A discourse system, in a simplified term would mean a conversation. But the system has a deeper meaning that not only includes conversations but any type of communication. Discourse systems come under different outlines according to specific contexts, which help the general growth of communication ethnographically. Intercultural interactions help us understand individuality, sentiments and other different features that diverse civilizations use to exchange and communicate ideas.
The way we communicate with one another is different depending on where we come from. The use and interpretation of one word varies across cultural environments. Depending on your relation with the sociocultural area you will feel as an insider or an outsider. On my behalf I would say that I am an insider of the Rwandan culture. Though I have lived in different countries, adopted different cultures and interacted with different people, I am internally attuned to the Rwandan culture. Being an insider of the culture allows me to speak with freedom and less anxieties. I am able to give a political opinion, to speculate about the future, the past and the present and to speak for others with whom I share the same culture. An insider has no limits or he only has “natural limits”, natural because they were naturally set by the culture he belongs to.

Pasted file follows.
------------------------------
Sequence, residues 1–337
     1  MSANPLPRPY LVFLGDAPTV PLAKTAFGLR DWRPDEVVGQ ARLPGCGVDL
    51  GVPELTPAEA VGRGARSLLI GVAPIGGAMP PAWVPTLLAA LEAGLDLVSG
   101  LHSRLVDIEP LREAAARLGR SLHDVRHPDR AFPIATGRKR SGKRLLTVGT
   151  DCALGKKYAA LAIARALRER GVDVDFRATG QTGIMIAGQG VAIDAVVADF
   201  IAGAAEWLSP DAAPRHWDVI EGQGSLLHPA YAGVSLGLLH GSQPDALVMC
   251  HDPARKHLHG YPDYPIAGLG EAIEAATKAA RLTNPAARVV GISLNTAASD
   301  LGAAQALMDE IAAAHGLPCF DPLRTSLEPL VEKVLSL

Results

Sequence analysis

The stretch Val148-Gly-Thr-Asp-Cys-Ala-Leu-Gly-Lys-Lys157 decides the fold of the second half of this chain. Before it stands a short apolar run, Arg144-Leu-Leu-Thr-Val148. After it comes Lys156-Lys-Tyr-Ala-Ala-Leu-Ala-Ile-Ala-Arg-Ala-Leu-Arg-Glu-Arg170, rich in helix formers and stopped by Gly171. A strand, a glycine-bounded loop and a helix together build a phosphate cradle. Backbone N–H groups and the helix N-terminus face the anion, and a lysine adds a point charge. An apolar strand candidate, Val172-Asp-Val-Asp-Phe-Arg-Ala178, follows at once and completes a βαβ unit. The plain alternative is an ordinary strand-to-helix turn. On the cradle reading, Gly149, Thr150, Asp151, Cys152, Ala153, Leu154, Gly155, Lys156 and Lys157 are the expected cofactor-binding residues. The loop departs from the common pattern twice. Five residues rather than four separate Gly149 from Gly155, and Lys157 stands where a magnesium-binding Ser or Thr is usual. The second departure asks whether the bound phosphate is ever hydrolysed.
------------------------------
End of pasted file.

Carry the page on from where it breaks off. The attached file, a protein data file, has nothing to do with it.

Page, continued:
Cultures can be shown, experienced and tasted but to fully understand a culture and feel as an insider you would need to start by comprehending the local language, then by understanding the discourse systems from the sentiments to actions to finally integrate unconscious habits that come along with the culture. This integration helps reduce trust issues some may have. No matter where we go, as peacebuillders will face trust issues from the people we work with. Doing our best to understand and adopt the culture would ease our goal to reach peace.